Archive for the ‘off topic’Category

Travel tips

I’ve put together a list of tips and suggestions for travelers, drawing on advice from colleagues and friends. It’s geared towards public health or development folks who work in and often travel between low-income countries, as opposed to backpackers, tourists, etc.  The document is in Google Drive so I can continuously update it with suggestions — feedback is appreciated.

Another good resource is How to work in someone else’s country by Ruth Stark, which is written with global health consultants in mind, and contains useful packing advice and good general rules for cross-cultural work. Chris Blattman has written quite a bit about this; see especially his posts on air travel, air travel pt 2, packing, and packing pt 2.


02 2014

ICD-9 E845

Today in class I learned something that improbably brings together my interests in public health and rockets: there’s an ICD (International Classification of Disease) code, E845, for “accident involving spacecraft.” Seriously — a WSJ blog post from 2008 confirms.




04 2013

Fun projects are fun

Jay Ulfelder, of the blog Dart-Throwing Chimp, recently wrote a short piece in praise of fun projects. He links to my Hunger Games survival analysis, and Alex Hanna’s recent application of survival analysis to a reality TV show, RuPaul’s Drag Race. (That single Hunger Games post has accounted for about one-third of the ~100k page views this blog got in the last year!) Jay’s post reminded me that I never shared links to Alex’s survival analysis, which is a shame, so here goes:

First, there’s “Lipsyncing for your life: a survival analysis of RuPaul’s Drag Race”:

I don’t know if this occurs with other reality shows (this is the first I’ve been taken with), but there is some element of prediction involved in knowing who will come out as the winner. A drag queen we spoke with at Plan B suggested that the length of time each queen appears in the season preview is an indicator, while Homoviper’s “index” is largely based on a more qualitative, hermeneutic analysis. I figured, hey, we could probably build a statistical model to know which factors are the most determinative in winning the competition.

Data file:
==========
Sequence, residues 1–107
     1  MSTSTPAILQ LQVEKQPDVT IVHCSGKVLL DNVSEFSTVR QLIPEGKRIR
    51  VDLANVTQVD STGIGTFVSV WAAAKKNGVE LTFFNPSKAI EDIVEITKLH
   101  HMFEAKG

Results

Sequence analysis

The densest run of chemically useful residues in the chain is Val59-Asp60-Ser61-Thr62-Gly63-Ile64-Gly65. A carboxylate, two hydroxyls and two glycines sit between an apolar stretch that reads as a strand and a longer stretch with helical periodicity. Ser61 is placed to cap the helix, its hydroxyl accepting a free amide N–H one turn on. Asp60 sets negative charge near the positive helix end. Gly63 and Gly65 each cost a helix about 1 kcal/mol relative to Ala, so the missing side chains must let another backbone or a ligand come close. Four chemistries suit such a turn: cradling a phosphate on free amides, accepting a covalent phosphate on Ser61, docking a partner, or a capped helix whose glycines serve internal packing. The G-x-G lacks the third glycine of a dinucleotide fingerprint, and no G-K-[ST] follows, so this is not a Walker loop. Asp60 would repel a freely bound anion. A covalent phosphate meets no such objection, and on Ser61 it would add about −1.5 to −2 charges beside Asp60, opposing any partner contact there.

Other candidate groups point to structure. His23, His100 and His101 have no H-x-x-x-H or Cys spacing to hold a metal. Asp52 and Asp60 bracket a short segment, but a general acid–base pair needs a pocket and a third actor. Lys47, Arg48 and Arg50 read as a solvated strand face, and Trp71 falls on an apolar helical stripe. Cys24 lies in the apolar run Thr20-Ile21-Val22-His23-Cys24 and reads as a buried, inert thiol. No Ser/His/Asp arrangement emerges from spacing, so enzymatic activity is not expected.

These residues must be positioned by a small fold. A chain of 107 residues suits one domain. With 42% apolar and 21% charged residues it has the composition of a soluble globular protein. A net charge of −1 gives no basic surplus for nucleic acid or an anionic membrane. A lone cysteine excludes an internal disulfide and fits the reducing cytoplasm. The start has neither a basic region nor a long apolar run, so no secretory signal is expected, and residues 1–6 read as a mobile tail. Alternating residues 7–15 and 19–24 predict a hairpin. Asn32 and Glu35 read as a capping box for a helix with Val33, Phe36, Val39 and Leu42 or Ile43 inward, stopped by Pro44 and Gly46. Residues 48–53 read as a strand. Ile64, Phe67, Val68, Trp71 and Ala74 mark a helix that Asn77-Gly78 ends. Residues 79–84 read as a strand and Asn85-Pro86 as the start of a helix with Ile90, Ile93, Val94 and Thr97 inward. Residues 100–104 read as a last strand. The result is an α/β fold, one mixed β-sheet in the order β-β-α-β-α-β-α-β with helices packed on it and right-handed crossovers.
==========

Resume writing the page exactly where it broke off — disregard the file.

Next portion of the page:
And then come two follow-ups, where Alex digs into predictions for the next episode of the current season, and again for the one after that. That last post is a great little lesson on the importance of the proportional hazards assumption.

I strongly agree with this bit from Jay’s post about the value of these projects:

Based on personal experience, I’m a big believer in learning by doing. Concepts don’t stick in my brain when I only read about them; I’ve got to see the concepts in action and attach them to familiar contexts and examples to really see what’s going on.

Right on. And in addition to being useful, these projects are, well, fun!


04 2013

Smartphones on the cheap

Here’s a quick digression from global health that I thought might be interesting to to tech-minded folks.

nsnippets, a fascinating link blog (found via Blattman) has a post called “China’s 65 dollar smartphones” that caught my attention, because I (sort of) have one of these phones. That post is highlighting a  Technology Review piece: “Here’s where they make China’s cheap Android smartphones.” And here’s more on even cheaper phones.

Before moving to Ethiopia I was stuck in a Tmobile contract that was poor value for money with a glitchy phone. Since I’m only back in the US for about 5 months finishing my last semester of grad school I resolved to get an unlocked phone that I could use in the US or abroad, on whatever network I liked, and at a grad student price. I bought one on Amazon from “China Global Inc.” and shipped by some third party directly from China. The exact model isn’t available anymore but you can find similar phones by searching on Amazon for “Unlocked Quad Band Dual Sim Android 4.0 OS.” It gets some incredible double-take reactions because it looks almost exactly like an iPhone in front, but on the back it has the Android logo and just says “Smartphone”:

It cost just $135, and I use a $30/month prepaid plan (also Tmobile) with 100 minutes of talk (which is about right for my usage), unlimited text, and unlimited data — and I’m not locked in at all. My annual cost for this Android smartphone: $495. If you buy an iPhone 5 on Verizon your annual costs are, depending on your contract, in the $920 to $1400 range! I’m sure for some the differences between what I have and a brand new iPhone 5 with 4G (my phone is 3G) are worth $500-1000 annually, but it works for texting, email, search, Twitter, music, games, and so forth — everything I want.

I can’t imagine that everyone with the latest smartphone actually ‘needs it’ — in the sense that if they knew there were good alternatives they would think the difference is worth the value. American phone plans are generally incredibly overpriced, leaving you stuck in a cycle of buying premium products — which are nice — but ironically being locked into keeping them until they’re well past premium.  I think what is happening is that as long as most of your friends have high-priced phones with expensive contracts, that’s the norm and the price seems less absurd.


03 2013


The weekend is almost here, and the new year — so how to celebrate? For a start, here are the results of a mashup meme I tried to start last night on Twitter: #MiddleEarthPublicHealth:


If the Storify version (which shows all the tweets) doesn’t work, you can search on Twitter for the #MiddleEarthPublicHealth hashtag.


12 2012


In lieu of observations about Ethiopia, notes from my work here, or discussion of recent news/articles/links, here’s a picture of the books currently occupying my time at work (fascinating, I know):